I've frequently said and written that cloud computing isn't about a single point product or solution. It's about delivering capabilities across hybrid infrastructures in open and portable ways. Red Hat's coming at this vision from a number of different angles with a broad portfolio. The downside is that it's a rapidly evolving area and we probably haven't been as good as we could have been at explaining how the various moving parts connect and otherwise interact.
I took the occasion of the OpenStack festivities in Portland, OR this week to put together a fairly long blog post that delves into how the "cloud-specific" parts of our portfolio mesh. (This isn't the whole story; for example, Red Hat Enterprise Linux provides important foundational technologies for our cloud offerings in addition to providing a consistent runtime across a wide range of infrastructure.) I encourage those interested to check out the original post on our press web pages, but I wanted to hit some of the highlights here. I've touched on some of these topics previously but it's time to revisit them as projects, products, and my thinking about their relationships have all evolved.
For our purposes here, I'm going to discuss four basic groups of related capabilities:
- Enterprise virtualization management and Infrastructure-as-a-Service
- Hybrid cloud operations management
- Application lifecycle management
Enterprise virtualization management and Infrastructure-as-a-Service
A huge amount of activity is taking place within this layer as it evolves to supporting hybrid application models spanning both traditional enterprise applications and new-style cloud workloads. Red Hat Enterprise Virtualization is focused on the former. OpenStack is focused on the latter; a massive developer community is helping it become the best platform for stateless, modular, cloud-oriented applications. I'm working on a paper, intended for publication in a couple of months, that discusses these different workload styles in much more detail.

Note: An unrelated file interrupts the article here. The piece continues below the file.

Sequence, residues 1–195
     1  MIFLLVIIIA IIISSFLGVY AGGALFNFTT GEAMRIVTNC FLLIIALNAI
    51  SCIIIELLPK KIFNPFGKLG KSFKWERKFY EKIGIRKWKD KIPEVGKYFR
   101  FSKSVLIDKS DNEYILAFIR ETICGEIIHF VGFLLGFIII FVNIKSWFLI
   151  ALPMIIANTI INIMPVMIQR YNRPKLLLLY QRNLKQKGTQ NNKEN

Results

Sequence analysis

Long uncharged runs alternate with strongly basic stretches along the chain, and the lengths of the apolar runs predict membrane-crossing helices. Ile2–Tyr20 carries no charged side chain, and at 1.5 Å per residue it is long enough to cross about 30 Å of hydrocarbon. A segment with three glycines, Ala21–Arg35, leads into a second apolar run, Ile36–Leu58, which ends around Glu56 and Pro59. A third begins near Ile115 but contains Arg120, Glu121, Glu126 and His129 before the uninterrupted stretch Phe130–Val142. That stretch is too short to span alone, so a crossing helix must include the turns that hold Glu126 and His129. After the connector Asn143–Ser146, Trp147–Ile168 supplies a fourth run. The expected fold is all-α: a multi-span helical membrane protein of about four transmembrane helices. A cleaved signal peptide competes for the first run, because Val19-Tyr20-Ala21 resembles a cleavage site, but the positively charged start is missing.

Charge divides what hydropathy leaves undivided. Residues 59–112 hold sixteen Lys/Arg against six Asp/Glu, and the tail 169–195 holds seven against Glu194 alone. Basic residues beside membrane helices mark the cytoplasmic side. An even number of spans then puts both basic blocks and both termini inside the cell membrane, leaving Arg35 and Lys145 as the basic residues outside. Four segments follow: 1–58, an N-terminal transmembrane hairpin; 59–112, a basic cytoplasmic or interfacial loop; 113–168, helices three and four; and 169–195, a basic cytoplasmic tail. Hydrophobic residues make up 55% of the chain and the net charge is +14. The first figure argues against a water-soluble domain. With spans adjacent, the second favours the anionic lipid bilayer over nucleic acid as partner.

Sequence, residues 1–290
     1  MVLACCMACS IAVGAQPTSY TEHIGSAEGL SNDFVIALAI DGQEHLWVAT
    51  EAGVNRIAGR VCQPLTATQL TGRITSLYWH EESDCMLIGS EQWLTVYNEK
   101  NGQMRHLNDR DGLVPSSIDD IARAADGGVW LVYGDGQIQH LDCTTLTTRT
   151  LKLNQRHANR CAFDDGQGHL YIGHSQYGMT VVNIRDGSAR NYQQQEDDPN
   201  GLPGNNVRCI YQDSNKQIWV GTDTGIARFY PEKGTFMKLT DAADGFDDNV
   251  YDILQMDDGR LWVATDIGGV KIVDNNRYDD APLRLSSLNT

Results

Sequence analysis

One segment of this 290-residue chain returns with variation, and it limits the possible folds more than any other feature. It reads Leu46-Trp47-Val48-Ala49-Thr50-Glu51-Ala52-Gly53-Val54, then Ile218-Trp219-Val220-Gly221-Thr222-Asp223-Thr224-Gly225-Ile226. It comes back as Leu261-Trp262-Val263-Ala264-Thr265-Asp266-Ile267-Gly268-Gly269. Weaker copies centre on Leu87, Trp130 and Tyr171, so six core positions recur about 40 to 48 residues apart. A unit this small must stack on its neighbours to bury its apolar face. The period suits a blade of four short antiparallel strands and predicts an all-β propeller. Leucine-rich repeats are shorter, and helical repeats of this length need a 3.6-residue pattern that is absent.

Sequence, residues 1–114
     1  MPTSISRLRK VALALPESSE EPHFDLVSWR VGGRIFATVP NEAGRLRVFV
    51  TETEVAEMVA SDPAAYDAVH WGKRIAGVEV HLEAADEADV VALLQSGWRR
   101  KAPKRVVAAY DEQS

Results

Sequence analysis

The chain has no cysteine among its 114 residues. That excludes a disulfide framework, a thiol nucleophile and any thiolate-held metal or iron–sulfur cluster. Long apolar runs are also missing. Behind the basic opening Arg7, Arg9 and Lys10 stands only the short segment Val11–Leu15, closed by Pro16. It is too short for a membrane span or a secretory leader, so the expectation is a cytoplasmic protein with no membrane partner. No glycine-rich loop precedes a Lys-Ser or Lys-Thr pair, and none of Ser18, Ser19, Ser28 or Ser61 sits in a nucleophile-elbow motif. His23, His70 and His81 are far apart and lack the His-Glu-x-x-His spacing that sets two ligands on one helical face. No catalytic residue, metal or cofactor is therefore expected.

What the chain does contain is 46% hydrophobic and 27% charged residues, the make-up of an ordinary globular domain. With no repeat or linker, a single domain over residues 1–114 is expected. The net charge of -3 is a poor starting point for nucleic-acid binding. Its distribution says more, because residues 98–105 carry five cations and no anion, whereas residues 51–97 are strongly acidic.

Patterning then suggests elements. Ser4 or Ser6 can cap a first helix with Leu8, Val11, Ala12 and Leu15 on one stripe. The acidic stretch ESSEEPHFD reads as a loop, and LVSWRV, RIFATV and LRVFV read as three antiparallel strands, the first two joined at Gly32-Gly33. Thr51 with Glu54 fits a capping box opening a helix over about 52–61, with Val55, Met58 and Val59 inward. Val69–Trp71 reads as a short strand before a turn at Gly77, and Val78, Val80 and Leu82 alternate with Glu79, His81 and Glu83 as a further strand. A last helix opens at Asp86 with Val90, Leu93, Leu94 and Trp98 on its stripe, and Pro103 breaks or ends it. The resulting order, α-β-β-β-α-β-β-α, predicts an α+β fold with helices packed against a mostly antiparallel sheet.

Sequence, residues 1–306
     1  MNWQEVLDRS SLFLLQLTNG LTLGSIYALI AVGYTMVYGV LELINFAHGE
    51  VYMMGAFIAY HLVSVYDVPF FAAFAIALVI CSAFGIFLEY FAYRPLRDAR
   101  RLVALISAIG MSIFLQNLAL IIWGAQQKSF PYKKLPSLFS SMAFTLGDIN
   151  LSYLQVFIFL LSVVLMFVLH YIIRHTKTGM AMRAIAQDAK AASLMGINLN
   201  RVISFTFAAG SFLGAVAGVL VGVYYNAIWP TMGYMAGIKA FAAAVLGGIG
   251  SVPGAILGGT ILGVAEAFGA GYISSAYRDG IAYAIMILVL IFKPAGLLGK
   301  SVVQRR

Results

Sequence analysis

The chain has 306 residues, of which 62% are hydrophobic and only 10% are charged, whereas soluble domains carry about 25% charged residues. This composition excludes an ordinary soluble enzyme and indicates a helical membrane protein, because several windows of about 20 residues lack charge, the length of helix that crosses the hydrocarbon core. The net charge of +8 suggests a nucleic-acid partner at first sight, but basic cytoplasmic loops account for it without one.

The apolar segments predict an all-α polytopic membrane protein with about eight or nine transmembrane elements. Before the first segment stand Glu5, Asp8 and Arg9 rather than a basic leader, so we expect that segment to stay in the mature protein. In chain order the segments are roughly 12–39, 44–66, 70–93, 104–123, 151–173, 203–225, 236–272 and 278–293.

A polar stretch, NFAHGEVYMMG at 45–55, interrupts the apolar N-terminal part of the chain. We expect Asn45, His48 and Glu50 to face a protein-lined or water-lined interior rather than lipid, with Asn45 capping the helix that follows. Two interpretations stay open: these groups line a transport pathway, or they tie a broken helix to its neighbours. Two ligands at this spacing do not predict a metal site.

Hybrid cloud operations management
Enterprises also need features like chargeback, policy, orchestration, reporting and automation. And, they don't want OpenStack to become a stand-alone silo, isolated from their existing and future enterprise virtualization platforms and public clouds. Red Hat CloudForms is focused on solving both of these problems.
Consider first the need for cloud operations management tools. CloudForms tools can discover, automate, monitor, measure and govern virtualization and cloud infrastructures. Operations management is fundamentally about service lifecycle management, which provides for provisioning, intelligent workload management, metering, cost transparency and the retirement of resources when they are no longer required. In December 2012, Red Hat acquired ManageIQ with the aim of rapidly bringing these capabilities (shipping in the ManageIQ EVM product today) to the CloudForms platform.
The second need—avoiding new silos—requires hybrid cloud management, which spans heterogeneous platforms, whether on-premise or public clouds, and maintains application portability across those environments. Providing such capabilities was a guiding principle of CloudForms from the beginning: Cut across islands of technology, preserve existing IT investments, and create common resource pools across a broad set of infrastructure.
Our plan is to aggregate this functionality and deliver it within a single product later this year.
We also plan on integrating CloudForms with OpenShift Enterprise for operational management of Platform-as-a-Service (PaaS) environments. OpenShift provides secure multi-tenancy within operating system instances using a variety of “container,” security containment (SELinux), resource management (Cgroups), and global namespace technologies. CloudForms can augment these capabilities with the ability to provision, monitor and scale the nodes themselves on OpenStack, Red Hat Enterprise Virtualization and other platforms.
Application lifecycle management
We also intend to continue our work to tightly marry application lifecycle management to other aspects of open hybrid cloud management. Red Hat Network Satellite has a long track record of helping customers manage large-scale Red Hat Enterprise Linux deployments using standard operating environments for efficiency and consistency. As operational management evolves to meet the needs of hybrid cloud infrastructures, the application lifecycle management provided by Satellite will evolve to handle both today's and tomorrow's applications.
I've given you something of a whirlwind tour. Myself and others at Red Hat are working on making this info available in a variety of forms and levels of depth but it's a topic that I get asked about frequently enough that I thought it merited this relatively brief update.